The Rising Plastic Barter System

The Rising Plastic Barter System
A new system of exchanging plastic for commodities and services is on the rise, Photo Credit: Shutterstock

In a world suffering from the elevating problems of plastic waste, countries and international brands start their own exchange system as a solution

Sahana Iyer
August 20 , 2019
03 Min Read

While almost everyone can acknowledge that plastic usage is harmful yet rampant, it is only when one accounts for it in their daily life that the gravity of the situation begins to emerge. According to a 2015 study by the World Economic Forum, nearly 322 million tons of plastic were produced worldwide. The numbers have only escalated ever since. It is not merely the consumption but also the excessive litter caused by mass dumping.  

Various programmes and drives have been organised to help clean the land and water pollution caused by incorrect plastic disposal. While the attempt is just a small step, it’s a step nevertheless. Following suit with a creative twist, various nations and brands have started a kind of plastic barter system. Plastic waste can be exchanged for various commodities and services in an attempt to contribute towards the clean up of raging pollution. 

Plastic waste is rampant around the world

The most recent case is of an initiative started by the Nishkam Khalsa Sewa and the alumni group of Goethals Memorial School in Siliguri. According to which, free food is provided to the needy in exchange for 500 grams of plastic waste, including bottles, bags and other miscellaneous plastic items. The identical concept has been introduced by ‘Garbage Cafe’ in Chhattisgarh a few weeks ago to encourage citizens to keep the streets plastic-free.

The movement has moved beyond commodities to even free services. Surabaya scheme in Indonesia, the world’s second largest marine polluter is a prime example of this. According to this initiative, people could exchange trash in exchange for a bus ride. Three large bottles, five medium ones or ten plastic cups can be exchanged for an hour long ride. So far, the scheme has been declared a hit with high participation. 

A view of a metro station at Rome

 A similar idea has been adopted by Rome on a trial basis. The same was implemented with the help of automation. Machines installed at metro stations were programmed to collect trash and issue online credit to their ticket purchasing application such as MyCicero and TabNet, using which passengers could redeem a ticket. Each bottle would provide the user with 0.05 Euro in credit.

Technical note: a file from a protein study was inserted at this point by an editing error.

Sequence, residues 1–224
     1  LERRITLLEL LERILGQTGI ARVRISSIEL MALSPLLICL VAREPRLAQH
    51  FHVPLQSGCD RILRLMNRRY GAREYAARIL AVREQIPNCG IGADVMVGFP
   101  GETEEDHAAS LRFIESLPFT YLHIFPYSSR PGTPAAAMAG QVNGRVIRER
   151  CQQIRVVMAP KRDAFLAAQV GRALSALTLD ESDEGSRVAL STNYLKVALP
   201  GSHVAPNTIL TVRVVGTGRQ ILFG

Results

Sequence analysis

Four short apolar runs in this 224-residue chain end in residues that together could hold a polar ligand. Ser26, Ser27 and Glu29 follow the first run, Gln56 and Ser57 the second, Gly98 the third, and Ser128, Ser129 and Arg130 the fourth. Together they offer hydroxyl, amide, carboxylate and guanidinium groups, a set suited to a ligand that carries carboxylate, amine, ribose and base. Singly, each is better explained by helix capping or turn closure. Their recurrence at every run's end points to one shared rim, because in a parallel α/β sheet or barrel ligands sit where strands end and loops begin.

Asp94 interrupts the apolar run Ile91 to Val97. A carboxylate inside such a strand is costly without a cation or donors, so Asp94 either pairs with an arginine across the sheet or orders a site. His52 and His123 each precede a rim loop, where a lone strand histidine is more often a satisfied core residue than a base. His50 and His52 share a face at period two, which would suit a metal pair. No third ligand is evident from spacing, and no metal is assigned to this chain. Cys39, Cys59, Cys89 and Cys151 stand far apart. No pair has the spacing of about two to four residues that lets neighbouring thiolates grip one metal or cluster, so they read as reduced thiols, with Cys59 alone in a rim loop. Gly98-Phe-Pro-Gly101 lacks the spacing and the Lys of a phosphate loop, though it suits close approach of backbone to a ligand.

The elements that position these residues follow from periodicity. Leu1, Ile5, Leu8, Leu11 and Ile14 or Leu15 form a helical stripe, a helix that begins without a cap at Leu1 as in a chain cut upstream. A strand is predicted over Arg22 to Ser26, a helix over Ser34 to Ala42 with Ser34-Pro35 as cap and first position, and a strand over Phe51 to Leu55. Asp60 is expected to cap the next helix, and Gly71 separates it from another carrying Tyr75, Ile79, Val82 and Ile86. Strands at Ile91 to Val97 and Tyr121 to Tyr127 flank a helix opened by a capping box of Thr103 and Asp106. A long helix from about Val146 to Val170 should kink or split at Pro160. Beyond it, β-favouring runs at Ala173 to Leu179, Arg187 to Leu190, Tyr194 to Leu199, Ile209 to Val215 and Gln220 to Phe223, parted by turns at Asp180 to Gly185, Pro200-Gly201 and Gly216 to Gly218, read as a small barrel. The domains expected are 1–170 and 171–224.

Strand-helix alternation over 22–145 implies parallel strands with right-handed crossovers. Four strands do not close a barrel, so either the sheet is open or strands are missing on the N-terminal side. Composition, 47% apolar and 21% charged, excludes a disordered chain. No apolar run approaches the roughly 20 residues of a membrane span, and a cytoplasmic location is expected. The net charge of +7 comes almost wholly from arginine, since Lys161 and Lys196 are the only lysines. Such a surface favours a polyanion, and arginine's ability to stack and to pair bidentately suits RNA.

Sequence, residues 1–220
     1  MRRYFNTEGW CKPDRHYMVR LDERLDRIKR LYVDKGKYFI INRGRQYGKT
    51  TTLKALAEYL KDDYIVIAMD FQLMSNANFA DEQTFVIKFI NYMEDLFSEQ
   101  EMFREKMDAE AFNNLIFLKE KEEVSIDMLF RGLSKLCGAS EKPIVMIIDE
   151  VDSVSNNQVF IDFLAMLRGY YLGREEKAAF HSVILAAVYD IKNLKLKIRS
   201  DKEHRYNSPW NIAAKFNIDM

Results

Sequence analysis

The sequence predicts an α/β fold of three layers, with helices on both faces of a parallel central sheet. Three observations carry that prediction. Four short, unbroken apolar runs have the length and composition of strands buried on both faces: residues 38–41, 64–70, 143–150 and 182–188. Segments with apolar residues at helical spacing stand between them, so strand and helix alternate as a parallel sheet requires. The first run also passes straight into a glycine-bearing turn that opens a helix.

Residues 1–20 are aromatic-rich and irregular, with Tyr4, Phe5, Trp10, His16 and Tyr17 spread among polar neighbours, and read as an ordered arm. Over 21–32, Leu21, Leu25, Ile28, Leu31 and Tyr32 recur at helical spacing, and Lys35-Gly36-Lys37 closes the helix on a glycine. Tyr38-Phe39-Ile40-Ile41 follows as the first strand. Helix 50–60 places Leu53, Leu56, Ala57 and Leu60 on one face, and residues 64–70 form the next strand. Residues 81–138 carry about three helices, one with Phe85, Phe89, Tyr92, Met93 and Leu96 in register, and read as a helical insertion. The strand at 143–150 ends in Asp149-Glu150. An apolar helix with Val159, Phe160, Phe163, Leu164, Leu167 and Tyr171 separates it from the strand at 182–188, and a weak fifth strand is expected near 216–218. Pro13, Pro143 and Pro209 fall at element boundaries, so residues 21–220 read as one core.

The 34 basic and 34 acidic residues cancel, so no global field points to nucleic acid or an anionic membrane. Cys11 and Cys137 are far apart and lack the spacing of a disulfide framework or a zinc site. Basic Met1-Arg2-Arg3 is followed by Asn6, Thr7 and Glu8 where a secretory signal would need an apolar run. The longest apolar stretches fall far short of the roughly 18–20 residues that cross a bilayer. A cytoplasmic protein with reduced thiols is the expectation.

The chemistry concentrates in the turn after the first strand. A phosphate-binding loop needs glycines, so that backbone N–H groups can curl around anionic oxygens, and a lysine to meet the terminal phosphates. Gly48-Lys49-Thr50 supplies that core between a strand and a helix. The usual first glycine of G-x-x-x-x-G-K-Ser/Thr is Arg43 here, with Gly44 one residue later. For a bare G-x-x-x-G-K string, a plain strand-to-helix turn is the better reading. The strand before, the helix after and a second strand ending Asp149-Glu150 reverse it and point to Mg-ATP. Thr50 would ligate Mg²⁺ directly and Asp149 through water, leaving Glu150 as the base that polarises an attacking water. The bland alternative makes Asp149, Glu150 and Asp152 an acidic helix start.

Assam saw service exchange of the same kind when couple Mazin Mukhtar and Parmita Sarma began their unique school Akshar Forum at Pamohi. At this school, children brought collected waste once or twice every week in order to receive lessons. No other remuneration was demanded from them. The plastic provided by the students is then used to construct makeshift bricks by stuffing packets and wrappers in the bottles; each ‘brick’ then used to build walkways at the school or other similar purposes.  

In 2014, a social commerce experiment called the Plastic Bank was tested in Haiti. As an incentive to reduce the plastic waste in the nation while simultaneously strengthening economic status, the ‘bank’ provided locals with money credit or commodities such as cooking oil, tuition for school amongst other benefits in exchange for a contribution of waste. Upon delivering the waste to a locally-run recycling plant, the credit was transferred on a Blockchain app to be availed by the user. The application was used to maintain records and consistent performance.

Many brands have also adopted similar methods where plastic wrappers or bottles are collected to be recycled in exchange for a free packet of noodles or bottle of soft drink for the consumer.

The mentioned schemes are known to have forwarded the waste to ensure proper disposal of plastic or recycling of the same. While various other attempts have been made to limit the waste pollution, it is this barter system that seems to be emerging victorious for obvious reasons. It’s a win-win as participants gain services or commodities for the easily available waste, while scheme-makers get a hand in the cleaning up while contributing to society. 

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